## Snell's law, critical angle & refraction

1. The problem statement, all variables and given/known data
Given a three layer model

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$$v_1=1.5$$km/s
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$$v_2=1.3$$km/s
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$$v_3=2.0$$km/s

Assume a ray goes through layer 1 and hits the interface between layer 1 and layer 2. What is the critical angle?

2. Relevant equations

Snells law
$$\frac{\sin \theta_1}{\sin \theta_2}=\frac{v_1}{v_2}$$

3. The attempt at a solution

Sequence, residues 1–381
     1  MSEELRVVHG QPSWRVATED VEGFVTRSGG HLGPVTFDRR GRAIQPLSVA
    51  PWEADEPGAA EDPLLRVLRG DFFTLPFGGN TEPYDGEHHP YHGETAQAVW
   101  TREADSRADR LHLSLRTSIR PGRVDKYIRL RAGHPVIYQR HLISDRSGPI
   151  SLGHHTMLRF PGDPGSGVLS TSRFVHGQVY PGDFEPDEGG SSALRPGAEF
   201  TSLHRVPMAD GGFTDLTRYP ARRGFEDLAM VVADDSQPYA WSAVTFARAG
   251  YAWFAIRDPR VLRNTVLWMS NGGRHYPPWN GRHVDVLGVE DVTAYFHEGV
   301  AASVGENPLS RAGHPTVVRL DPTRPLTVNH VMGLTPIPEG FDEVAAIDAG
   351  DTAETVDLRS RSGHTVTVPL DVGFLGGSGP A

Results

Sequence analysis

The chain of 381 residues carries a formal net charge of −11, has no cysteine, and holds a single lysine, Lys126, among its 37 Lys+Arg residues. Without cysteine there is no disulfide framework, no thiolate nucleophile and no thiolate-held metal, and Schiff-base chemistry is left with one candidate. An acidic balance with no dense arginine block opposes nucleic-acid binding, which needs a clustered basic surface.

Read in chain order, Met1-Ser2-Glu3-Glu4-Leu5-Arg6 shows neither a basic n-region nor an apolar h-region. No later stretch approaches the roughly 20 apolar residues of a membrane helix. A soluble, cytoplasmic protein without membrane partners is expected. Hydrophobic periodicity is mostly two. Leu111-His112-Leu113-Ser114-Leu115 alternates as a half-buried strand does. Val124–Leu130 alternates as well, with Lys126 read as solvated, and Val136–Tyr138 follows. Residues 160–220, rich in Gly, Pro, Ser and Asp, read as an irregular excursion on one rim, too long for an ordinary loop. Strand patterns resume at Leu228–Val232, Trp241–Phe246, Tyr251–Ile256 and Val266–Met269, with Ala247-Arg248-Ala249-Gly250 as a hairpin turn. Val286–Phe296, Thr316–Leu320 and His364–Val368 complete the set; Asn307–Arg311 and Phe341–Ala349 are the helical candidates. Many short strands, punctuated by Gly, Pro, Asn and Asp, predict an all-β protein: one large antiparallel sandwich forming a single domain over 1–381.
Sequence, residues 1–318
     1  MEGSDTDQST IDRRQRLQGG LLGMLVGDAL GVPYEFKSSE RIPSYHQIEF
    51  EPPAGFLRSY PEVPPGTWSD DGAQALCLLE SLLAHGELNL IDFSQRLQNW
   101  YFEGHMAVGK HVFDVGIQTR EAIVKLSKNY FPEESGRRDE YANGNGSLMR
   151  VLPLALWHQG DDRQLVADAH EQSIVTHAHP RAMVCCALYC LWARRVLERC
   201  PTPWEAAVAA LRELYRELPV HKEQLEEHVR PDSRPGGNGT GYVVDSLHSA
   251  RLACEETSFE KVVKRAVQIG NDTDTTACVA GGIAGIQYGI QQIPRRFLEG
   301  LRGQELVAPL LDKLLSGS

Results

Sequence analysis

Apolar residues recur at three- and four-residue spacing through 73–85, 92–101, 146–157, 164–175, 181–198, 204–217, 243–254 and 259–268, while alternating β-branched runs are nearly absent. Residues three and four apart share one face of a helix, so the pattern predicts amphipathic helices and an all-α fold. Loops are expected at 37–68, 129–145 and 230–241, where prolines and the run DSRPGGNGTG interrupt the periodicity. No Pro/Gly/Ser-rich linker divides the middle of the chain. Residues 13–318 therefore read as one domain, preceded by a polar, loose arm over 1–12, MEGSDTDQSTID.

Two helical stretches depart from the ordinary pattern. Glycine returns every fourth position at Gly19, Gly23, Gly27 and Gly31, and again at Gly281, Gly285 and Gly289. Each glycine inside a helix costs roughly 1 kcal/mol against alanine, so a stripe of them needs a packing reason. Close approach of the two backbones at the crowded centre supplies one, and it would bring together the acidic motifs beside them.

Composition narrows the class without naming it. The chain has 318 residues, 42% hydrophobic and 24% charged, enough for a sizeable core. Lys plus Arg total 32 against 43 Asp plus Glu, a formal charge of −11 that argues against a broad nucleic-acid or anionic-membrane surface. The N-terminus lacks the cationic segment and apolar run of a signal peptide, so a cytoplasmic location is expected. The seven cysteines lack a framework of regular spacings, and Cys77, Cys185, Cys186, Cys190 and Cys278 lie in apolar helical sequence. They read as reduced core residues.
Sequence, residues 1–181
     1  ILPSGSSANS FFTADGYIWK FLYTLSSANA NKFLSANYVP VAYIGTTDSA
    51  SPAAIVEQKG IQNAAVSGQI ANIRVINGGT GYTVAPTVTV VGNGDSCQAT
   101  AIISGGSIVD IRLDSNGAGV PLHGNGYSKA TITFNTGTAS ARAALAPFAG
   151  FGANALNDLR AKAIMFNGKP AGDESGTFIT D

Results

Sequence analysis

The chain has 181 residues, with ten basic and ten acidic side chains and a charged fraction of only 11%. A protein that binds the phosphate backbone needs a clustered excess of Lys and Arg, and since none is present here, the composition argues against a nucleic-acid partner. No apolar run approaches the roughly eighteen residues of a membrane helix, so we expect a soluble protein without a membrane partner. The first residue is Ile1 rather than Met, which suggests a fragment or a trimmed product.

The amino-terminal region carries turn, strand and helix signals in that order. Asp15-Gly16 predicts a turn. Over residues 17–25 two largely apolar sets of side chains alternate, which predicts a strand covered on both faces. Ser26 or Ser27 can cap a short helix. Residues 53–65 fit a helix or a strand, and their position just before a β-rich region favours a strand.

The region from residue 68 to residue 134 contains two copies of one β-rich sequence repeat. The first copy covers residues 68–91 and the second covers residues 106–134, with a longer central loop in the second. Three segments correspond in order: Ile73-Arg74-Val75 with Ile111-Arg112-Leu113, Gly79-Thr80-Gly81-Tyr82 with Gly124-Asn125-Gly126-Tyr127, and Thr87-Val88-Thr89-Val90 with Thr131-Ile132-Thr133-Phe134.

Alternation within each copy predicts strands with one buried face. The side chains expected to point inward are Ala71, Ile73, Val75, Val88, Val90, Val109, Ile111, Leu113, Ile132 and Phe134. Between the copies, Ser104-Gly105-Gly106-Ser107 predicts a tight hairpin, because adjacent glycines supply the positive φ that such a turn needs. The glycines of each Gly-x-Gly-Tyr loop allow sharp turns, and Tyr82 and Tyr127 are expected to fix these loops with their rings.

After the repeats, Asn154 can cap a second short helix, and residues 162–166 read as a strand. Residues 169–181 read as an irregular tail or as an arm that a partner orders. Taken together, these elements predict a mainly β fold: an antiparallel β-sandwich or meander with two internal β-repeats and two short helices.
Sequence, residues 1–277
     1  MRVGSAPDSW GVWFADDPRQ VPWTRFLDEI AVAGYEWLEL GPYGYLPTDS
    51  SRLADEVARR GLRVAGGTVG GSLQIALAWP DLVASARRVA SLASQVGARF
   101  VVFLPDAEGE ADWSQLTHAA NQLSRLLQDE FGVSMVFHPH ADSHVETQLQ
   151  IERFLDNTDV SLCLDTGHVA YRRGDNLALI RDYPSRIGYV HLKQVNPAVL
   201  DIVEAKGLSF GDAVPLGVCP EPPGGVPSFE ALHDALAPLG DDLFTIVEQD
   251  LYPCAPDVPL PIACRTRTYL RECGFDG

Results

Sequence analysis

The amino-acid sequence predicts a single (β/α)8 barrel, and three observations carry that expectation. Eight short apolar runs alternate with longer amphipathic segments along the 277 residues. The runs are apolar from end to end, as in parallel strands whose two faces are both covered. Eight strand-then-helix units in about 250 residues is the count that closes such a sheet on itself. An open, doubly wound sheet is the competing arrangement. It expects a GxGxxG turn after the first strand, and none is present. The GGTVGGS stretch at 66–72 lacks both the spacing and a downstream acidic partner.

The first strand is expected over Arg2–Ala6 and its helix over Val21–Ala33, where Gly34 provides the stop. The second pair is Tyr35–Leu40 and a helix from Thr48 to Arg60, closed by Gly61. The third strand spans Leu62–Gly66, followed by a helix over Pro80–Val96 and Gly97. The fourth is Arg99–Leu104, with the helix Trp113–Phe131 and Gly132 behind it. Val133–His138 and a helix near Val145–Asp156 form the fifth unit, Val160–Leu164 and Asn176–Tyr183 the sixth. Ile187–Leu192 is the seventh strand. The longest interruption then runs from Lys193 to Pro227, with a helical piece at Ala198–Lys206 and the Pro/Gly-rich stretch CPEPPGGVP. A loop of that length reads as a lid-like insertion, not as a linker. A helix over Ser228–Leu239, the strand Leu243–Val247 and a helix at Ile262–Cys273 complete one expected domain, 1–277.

To find the critical angle, you normally take $$\sin \theta_c = \frac{v_1}{v_2}=\frac{1.5}{1.3}$$. But in this case that means I have to take $$\sin^{-1}$$ of a value that is over 1! How do I solve this?
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 Recognitions: Homework Help According to Snell's law n1sin(θ1) = n2sin(θ2) If θ1 is θc, then θ2 = 90 degrees. So sin(θc) = n2/n1

 Quote by rl.bhat According to Snell's law n1sin(θ1) = n2sin(θ2) If θ1 is θc, then θ2 = 90 degrees. So sin(θc) = n2/n1
When I look up Snell's law on Wikipedia it says

$$\frac{\sin \theta_1}{\sin \theta_2}=\frac{v_1}{v_2}=\frac{n_2}{n_1}$$

Why does the subscript change in the $$n_n$$ ? Isnt $$v_1=n_1$$ and $$v_2=n_2$$?

Recognitions:
Homework Help

## Snell's law, critical angle & refraction

According to the definition,
refractive index n = c/v. where c is the velocity of light in vacuum and v is the velocity in the refracting medium.
So v = c/n
Or v1 = c/n1 and v2 = c/n2
then v1/v2 = .....?